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06-03-2010, 10:45 AM   #1
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Backpacking, help me choose lenses

I'm going for a short-notice 2-day backpacking/camping trip this weekend in the western mountains of Virginia (Mount Rogers Recreational Area in Jefferson National Forest), and I'm having some difficulty in choosing what lens(es) to take. Of course, weight is a concern for these types of adventures, since I'll be carrying whatever I take everywhere we hike. The hikes we are doing are relatively short, not more than 10 miles total. The weather should be generally pleasant.

I will be taking a K-7 (w/ 2 batteries) and most likely some form of tripod. The tripod I have now is a full-size tripod so I may buy a smaller one tomorrow at a local camera store if they have anything decent.

Here are my goals for the trip:
1. Capture the beauty of the surrounding landscape. This will require at least a normal-ish lens. Short telephoto for intimate landscapes would be useful. Wide angle for broad vistas would be helpful, although stitching can be done using a normal lens if necessary. Macro lens would be nice for smaller flowers, although a dedicated macro lens may be overkill.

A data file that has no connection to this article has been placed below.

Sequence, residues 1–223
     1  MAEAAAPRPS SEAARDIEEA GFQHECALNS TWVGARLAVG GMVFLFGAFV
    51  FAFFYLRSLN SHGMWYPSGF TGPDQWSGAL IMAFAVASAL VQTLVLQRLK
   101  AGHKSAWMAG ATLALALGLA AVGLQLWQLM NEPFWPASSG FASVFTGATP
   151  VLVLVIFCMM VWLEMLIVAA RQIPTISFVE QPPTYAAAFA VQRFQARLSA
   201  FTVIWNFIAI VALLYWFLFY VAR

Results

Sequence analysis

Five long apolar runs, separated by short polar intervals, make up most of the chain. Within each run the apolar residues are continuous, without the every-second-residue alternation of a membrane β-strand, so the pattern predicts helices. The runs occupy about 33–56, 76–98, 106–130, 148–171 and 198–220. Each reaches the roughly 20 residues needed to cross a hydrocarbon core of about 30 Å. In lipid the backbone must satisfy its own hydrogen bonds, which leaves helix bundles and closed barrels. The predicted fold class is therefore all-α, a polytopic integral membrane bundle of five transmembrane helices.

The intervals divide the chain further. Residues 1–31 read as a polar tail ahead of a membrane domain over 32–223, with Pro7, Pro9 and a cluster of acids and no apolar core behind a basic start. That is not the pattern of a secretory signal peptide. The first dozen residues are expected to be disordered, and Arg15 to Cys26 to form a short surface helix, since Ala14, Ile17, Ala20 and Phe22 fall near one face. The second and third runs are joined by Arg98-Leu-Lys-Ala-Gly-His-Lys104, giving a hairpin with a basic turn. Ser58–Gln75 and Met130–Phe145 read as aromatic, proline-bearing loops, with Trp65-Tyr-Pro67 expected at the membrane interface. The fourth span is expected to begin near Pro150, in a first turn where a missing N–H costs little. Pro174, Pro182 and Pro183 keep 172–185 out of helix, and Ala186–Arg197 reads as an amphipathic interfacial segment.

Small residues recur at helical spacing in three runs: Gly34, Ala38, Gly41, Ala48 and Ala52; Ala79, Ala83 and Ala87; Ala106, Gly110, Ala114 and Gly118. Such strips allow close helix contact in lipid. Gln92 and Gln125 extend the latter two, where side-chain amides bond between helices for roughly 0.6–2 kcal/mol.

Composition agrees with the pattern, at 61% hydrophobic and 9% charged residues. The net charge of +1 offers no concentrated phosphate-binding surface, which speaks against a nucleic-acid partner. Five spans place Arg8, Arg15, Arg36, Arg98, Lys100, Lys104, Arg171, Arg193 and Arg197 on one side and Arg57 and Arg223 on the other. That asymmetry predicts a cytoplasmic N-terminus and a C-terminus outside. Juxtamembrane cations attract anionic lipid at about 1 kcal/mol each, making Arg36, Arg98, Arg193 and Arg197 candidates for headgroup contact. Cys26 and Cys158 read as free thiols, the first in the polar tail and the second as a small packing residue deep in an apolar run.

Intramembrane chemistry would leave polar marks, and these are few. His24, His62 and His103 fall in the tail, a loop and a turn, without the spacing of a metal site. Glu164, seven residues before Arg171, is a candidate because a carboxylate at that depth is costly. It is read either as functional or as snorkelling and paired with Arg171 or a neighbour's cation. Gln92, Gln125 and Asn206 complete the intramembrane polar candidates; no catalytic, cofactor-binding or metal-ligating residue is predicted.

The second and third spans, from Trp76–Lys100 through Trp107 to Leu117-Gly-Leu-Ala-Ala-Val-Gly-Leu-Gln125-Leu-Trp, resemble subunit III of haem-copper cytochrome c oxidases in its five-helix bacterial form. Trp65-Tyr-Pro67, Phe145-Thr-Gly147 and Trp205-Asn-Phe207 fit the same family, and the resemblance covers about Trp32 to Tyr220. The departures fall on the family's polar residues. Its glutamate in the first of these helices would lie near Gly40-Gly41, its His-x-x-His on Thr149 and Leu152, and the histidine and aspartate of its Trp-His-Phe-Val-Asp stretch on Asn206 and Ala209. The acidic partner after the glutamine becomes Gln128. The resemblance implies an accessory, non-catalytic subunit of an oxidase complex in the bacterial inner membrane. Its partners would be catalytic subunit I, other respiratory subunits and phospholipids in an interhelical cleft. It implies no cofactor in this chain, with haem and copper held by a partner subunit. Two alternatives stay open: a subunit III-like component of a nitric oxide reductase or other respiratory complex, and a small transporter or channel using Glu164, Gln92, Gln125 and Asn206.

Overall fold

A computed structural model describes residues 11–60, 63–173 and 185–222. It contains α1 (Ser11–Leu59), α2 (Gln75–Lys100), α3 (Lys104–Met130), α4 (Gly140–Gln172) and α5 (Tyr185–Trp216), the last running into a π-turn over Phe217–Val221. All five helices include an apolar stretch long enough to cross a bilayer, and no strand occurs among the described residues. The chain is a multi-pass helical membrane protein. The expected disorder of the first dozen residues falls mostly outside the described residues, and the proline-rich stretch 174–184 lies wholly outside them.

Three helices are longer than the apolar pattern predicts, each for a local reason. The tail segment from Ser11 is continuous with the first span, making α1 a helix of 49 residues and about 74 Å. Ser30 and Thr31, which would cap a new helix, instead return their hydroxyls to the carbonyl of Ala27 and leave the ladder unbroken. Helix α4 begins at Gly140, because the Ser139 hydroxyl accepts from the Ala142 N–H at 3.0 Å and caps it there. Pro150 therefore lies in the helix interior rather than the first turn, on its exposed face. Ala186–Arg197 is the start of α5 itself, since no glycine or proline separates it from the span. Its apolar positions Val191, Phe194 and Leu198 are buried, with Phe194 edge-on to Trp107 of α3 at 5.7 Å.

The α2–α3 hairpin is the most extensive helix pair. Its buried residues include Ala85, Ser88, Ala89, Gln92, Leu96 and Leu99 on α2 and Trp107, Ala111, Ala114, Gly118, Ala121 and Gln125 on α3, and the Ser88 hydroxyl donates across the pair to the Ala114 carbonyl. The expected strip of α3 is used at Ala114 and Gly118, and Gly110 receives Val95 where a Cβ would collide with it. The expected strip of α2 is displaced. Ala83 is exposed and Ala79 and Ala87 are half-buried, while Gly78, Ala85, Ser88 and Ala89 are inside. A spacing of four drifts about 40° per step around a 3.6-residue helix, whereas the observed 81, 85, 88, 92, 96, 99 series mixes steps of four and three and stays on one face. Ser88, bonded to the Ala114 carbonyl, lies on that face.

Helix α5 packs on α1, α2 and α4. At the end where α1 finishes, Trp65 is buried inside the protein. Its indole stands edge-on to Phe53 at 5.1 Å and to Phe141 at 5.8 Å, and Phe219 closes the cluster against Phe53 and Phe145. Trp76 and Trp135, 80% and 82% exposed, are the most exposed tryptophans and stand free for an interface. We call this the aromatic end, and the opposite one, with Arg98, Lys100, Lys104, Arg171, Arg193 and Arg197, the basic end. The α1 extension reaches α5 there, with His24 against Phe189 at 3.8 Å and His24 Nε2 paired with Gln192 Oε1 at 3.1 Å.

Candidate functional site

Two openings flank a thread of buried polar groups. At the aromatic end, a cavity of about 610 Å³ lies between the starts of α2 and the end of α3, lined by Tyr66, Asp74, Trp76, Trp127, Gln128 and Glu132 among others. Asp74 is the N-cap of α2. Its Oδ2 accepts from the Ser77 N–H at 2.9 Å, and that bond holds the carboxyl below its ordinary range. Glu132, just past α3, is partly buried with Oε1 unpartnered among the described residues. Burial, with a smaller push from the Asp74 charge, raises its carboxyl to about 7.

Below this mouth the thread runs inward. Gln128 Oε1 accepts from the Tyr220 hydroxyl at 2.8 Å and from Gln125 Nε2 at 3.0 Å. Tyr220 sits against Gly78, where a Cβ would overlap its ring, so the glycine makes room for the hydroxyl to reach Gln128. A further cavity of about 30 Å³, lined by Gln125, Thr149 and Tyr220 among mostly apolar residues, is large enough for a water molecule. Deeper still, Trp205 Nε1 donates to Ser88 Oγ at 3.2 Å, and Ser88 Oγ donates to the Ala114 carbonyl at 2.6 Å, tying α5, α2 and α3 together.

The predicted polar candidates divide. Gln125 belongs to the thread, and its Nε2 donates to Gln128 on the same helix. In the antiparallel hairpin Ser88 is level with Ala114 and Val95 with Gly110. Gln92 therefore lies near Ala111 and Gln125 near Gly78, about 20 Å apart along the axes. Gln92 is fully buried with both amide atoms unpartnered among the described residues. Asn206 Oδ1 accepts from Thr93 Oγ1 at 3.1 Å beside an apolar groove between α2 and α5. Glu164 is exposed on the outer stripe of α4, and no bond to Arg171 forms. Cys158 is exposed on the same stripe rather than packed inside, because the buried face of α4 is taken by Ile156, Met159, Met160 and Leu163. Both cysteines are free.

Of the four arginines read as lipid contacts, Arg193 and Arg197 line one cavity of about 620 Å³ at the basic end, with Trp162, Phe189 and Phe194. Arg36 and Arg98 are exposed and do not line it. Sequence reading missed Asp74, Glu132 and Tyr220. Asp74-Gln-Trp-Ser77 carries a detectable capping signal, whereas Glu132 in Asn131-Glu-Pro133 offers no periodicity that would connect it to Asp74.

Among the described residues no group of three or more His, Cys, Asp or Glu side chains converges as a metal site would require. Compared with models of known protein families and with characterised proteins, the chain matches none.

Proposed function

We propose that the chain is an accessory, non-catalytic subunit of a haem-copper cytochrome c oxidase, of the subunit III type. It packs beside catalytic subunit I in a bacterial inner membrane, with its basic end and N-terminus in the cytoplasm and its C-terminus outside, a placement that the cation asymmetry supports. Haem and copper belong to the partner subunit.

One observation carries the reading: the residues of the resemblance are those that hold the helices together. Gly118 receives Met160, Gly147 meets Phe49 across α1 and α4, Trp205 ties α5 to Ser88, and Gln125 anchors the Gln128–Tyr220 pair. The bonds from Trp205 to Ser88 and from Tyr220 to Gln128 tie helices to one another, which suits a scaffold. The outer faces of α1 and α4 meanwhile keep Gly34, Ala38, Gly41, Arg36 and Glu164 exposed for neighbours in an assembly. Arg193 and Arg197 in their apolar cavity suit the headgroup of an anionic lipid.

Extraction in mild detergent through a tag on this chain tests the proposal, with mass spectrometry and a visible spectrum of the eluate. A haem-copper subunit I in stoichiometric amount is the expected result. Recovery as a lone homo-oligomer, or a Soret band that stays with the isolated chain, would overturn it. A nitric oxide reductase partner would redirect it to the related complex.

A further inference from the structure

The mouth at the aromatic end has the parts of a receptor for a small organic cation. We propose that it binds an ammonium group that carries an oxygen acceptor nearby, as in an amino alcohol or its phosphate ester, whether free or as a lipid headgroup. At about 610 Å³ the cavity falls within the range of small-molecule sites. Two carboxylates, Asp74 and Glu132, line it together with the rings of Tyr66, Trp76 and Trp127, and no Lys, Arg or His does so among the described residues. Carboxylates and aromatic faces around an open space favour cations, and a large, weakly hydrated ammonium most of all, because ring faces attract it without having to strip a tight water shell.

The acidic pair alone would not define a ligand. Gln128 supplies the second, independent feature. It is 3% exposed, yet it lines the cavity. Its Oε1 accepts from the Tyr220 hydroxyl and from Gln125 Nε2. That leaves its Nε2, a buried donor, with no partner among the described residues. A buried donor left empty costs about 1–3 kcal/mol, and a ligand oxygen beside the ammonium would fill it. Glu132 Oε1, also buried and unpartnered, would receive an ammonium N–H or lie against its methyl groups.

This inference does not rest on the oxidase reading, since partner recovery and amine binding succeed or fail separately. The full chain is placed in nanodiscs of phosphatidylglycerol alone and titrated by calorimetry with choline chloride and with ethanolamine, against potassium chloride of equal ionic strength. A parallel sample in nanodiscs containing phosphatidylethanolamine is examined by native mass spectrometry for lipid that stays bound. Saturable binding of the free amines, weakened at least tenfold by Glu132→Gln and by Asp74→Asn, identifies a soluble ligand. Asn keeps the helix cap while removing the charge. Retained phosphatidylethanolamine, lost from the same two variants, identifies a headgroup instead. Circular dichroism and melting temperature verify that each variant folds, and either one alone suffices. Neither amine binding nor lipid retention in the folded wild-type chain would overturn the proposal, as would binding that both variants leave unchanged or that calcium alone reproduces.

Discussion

2. Capture the adventures of my fellow backpackers (and myself). Mostly just need a normal-ish lens for this. If I wanted to do any better portraits w/ decent smooth bokeh, then a short telephoto lens would be helpful for that.

3. Capture any wildlife we run into. This one is tough, because wildlife generally needs 300mm to get decent shots. But then again, I hate wasting good photographic opportunities that don't come about very often.

Here is the equipment at my disposal. New lens purchases are out of the question because I need the lenses by tomorrow and no local shops carry Pentax stuff (sigh).

WR Zooms:

DA* 16-50
DA* 50-135

Minimalist Primes:

FA 20
A 28/2 (or F 28/2.8)
FA 43
FA 77
K 85
F 135
K 135

Macro options:

F100/2.8. Heavy & bulky. No WR. (I need to buy a 100 Macro WR...)